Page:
Letters to the Editor

Protect yourself when renting out your home

With Florida’s plentiful sunshine and warm weather, visitors come from all over the world to enjoy the many outdoor activities, historical sites and attractions offered by our state. According to data from VISIT FLORIDA, an unprecedented 98 million visitors came to Florida in 2014.

As an alternative to staying at a hotel or bed and breakfast, a growing number of those visitors will take advantage of websites or mobile apps designed to connect them with homeowners offering their home, apartment or condo as a vacation rental destination. Some of the websites and apps that help visitors locate such a rental property include Airbnb, Roomorama and HomeAway.

In cities where this type of home-sharing rental service is allowed and where it doesn’t violate local zoning or housing laws and regulations, a homeowner is urged to carefully consider their insurance coverage and whether they are fully protected for all circumstances that may arise.

Although it varies, a homeowner’s policy usually excludes or provides limited coverage for a business operating out of a home. When income is being earned from a home-sharing rental, it may change the use of a home to a home-based business and the insurance company could deny coverage.

However, if the home is only rented on occasion, the insurance company may be willing to offer an endorsement onto the homeowner’s policy at an additional cost. If the home is rented on a long-term basis or rented out frequently, purchasing a landlord insurance policy (rental coverage for landlords) may provide another option.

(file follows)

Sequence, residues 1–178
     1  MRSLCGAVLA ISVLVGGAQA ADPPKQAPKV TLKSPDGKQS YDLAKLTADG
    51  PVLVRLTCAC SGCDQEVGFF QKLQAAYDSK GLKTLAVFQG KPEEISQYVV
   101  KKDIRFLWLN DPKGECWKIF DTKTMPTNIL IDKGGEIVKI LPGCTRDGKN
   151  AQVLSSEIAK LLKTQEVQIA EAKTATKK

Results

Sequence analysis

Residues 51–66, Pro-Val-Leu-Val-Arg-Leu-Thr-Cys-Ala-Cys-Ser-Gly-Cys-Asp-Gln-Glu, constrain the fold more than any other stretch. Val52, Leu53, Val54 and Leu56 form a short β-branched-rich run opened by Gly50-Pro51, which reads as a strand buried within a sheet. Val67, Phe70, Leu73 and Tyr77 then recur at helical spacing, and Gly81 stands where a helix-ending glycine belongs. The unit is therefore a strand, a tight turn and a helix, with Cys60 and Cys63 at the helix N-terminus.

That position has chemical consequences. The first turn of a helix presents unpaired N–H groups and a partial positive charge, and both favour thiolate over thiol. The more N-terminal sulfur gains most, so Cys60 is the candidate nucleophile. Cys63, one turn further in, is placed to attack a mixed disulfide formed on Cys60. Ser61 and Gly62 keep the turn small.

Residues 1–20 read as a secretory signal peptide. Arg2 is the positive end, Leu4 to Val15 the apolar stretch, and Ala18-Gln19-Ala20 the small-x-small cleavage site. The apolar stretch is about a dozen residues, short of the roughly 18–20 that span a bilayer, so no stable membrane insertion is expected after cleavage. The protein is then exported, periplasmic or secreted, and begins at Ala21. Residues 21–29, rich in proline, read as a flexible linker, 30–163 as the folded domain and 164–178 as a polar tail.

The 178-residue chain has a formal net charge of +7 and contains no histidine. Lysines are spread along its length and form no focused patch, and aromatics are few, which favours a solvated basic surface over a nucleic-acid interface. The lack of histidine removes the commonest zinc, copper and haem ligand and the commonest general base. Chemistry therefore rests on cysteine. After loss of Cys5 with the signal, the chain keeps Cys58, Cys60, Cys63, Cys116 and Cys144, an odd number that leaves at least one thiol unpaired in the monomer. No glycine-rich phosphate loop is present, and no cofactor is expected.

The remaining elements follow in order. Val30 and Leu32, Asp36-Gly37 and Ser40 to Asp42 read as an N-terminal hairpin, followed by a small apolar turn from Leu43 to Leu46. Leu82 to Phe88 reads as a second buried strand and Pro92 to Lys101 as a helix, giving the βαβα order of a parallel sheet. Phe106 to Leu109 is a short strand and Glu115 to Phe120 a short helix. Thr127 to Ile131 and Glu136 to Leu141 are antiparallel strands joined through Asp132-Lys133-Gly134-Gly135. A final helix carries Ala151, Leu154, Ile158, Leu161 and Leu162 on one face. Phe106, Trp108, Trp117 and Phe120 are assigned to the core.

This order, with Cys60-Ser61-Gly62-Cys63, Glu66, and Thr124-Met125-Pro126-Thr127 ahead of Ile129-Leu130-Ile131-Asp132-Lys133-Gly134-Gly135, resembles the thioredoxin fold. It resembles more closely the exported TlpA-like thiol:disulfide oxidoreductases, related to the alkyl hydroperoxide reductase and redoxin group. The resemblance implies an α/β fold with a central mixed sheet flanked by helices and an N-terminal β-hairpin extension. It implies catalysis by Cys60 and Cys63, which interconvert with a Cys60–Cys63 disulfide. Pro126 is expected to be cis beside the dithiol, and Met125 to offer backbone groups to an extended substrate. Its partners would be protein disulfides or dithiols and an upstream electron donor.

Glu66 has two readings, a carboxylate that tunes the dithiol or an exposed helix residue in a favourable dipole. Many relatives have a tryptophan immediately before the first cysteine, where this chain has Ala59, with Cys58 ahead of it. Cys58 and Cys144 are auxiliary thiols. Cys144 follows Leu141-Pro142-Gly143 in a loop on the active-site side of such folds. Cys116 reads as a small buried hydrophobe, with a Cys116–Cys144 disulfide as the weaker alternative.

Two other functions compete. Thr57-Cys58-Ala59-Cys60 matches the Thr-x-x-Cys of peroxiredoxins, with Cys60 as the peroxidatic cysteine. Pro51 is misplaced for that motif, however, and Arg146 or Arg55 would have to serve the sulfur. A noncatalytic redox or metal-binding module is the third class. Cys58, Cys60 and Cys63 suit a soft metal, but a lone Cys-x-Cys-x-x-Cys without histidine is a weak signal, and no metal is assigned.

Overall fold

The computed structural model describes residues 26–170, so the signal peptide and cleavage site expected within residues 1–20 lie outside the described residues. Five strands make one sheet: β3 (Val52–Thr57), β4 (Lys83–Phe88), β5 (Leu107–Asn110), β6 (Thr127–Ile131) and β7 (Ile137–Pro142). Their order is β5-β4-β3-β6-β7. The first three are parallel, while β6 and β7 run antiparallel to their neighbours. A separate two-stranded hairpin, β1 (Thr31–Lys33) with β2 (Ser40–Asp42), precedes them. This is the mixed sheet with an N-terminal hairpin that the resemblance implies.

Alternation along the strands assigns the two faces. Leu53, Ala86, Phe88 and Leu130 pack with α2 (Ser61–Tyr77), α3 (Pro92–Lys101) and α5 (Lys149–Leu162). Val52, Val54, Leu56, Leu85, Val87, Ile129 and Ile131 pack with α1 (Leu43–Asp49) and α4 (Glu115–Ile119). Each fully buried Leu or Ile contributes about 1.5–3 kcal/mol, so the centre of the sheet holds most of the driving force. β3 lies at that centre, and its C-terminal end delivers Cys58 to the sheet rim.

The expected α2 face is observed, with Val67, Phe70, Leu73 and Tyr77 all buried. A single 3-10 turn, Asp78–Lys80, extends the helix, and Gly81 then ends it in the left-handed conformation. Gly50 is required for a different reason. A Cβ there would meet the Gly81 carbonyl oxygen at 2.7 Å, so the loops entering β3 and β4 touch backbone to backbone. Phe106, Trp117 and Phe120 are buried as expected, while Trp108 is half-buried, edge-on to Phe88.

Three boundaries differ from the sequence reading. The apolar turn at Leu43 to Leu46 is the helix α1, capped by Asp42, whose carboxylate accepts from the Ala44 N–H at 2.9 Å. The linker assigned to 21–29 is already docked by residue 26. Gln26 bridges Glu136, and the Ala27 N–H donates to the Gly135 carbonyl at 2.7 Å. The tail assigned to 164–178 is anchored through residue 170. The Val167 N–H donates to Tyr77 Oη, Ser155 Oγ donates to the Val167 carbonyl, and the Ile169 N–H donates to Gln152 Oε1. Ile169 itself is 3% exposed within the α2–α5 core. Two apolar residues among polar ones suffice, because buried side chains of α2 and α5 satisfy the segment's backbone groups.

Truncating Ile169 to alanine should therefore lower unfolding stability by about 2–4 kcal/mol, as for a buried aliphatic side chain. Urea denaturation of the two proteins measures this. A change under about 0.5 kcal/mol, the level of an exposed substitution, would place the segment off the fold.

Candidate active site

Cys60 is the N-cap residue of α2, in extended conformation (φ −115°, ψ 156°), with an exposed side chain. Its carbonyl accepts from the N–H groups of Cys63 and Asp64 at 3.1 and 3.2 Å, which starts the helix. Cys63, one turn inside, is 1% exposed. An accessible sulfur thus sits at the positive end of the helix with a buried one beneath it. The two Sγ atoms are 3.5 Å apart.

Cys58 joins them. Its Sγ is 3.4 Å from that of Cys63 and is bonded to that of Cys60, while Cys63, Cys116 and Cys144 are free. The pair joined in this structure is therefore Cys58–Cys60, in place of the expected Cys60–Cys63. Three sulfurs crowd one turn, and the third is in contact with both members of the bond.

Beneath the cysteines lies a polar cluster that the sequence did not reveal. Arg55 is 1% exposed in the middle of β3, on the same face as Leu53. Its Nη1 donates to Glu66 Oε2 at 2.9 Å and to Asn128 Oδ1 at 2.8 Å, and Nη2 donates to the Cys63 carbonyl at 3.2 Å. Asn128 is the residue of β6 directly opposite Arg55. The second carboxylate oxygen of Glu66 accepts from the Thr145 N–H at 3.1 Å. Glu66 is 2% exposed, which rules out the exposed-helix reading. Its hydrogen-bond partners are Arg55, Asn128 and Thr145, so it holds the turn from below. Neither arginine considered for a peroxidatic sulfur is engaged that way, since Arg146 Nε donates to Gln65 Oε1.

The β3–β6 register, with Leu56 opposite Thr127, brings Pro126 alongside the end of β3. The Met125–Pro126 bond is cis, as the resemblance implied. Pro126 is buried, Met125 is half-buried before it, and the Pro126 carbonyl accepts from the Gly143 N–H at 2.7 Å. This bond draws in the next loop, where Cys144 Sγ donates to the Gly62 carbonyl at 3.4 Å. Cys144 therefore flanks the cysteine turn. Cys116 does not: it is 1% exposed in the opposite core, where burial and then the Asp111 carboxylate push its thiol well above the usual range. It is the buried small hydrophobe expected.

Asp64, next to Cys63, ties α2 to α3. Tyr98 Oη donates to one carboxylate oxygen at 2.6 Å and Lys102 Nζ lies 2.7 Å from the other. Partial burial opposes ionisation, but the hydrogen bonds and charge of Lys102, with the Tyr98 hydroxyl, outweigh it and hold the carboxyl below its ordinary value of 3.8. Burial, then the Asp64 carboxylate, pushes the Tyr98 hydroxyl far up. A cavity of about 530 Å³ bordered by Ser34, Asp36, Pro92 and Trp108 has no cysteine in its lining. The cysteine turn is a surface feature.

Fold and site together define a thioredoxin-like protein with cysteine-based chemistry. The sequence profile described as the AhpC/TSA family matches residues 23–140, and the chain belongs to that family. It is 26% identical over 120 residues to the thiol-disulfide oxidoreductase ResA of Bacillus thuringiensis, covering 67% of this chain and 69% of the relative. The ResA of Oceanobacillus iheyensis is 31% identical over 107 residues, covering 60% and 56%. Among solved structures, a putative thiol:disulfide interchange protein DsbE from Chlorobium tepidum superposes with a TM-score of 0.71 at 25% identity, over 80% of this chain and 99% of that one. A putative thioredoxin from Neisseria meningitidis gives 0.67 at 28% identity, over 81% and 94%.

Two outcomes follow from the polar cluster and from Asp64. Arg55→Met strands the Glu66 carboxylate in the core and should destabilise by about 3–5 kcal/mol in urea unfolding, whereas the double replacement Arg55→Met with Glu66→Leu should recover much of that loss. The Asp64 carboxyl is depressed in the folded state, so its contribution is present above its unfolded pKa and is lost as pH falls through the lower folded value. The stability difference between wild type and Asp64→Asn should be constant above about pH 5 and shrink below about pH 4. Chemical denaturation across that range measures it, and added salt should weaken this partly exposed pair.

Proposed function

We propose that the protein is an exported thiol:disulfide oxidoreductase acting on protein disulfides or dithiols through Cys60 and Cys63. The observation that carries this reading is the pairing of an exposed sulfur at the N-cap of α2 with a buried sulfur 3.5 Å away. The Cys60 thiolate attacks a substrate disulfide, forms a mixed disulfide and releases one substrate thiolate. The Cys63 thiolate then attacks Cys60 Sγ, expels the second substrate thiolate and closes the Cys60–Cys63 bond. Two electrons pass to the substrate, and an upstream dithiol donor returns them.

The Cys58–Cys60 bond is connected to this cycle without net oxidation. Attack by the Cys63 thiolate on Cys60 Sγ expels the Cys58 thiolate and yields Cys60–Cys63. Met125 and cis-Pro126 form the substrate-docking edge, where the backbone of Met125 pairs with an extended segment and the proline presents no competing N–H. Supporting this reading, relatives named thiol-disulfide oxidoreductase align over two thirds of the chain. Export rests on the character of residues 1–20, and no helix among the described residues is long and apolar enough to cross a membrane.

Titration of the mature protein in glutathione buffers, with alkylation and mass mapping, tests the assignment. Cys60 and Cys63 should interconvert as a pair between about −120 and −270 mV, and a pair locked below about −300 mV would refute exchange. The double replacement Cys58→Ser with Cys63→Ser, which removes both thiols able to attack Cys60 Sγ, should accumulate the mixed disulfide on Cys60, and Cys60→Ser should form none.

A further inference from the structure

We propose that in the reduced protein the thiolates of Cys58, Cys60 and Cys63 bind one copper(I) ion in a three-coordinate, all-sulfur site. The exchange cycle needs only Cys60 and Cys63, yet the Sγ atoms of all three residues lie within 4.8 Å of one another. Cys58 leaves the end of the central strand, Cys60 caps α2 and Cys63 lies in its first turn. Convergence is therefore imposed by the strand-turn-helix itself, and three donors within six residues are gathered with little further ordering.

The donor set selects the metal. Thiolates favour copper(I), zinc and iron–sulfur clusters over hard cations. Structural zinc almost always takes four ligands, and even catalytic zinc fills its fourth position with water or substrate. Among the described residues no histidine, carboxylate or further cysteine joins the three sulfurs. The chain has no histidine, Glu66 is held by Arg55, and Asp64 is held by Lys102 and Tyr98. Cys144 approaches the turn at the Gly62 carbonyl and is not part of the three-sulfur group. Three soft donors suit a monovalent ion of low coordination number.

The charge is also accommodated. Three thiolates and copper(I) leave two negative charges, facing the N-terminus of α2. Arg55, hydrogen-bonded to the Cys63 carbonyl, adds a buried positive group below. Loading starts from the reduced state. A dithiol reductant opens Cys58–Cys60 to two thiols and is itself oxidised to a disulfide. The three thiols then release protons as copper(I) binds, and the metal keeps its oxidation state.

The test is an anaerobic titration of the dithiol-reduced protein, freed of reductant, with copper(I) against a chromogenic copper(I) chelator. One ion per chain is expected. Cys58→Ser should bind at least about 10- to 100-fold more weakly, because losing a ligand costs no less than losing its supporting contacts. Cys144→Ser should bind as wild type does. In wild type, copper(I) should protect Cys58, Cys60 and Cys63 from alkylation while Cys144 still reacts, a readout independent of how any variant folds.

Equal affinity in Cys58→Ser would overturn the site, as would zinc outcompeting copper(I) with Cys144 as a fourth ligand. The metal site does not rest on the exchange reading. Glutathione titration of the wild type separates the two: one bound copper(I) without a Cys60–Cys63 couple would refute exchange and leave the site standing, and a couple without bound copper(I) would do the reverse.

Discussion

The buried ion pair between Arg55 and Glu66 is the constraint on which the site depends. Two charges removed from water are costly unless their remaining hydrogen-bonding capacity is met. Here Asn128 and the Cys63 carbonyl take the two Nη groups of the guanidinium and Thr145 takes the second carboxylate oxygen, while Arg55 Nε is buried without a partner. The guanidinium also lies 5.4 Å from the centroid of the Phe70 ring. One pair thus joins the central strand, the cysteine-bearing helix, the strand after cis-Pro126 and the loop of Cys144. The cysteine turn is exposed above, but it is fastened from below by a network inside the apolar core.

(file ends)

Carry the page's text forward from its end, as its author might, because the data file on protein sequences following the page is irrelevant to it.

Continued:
Accidents can happen at any point, even with the best safety precautions in place, so it is prudent to consider potential injuries suffered by a guest or damages caused to the home or a neighbor’s property by a guest. These create liability concerns that might require a homeowner or the guest to be held responsible for costs requiring legal representation.

As further protection, it may be advisable for homeowners to rent to guests who currently already have a homeowners or personal liability insurance policy and to request proof of that insurance before a rental agreement is signed. In the event the property is damaged, the homeowner could then file a claim under the guest’s own insurance policy.

In the right circumstances, a home-sharing rental option can help to supplement a homeowner’s income while also providing a positive experience for visitors enjoying a stay in our state.

For additional guidance, the National Association of Insurance Commissioners offers a consumer alert on this topic at: http://www.naic.org/documents/consumer_alert_home-sharing.htm. For more insurance information or to search for a licensed insurance agent, visit the Department of Financial Services website at:www.myfloridacfo.com and to search for a licensed insurance company, visit the Florida Office of Insurance Regulation website at www.floir.com.

Kevin McCarty, Florida insurance commissioner, Tallahassee

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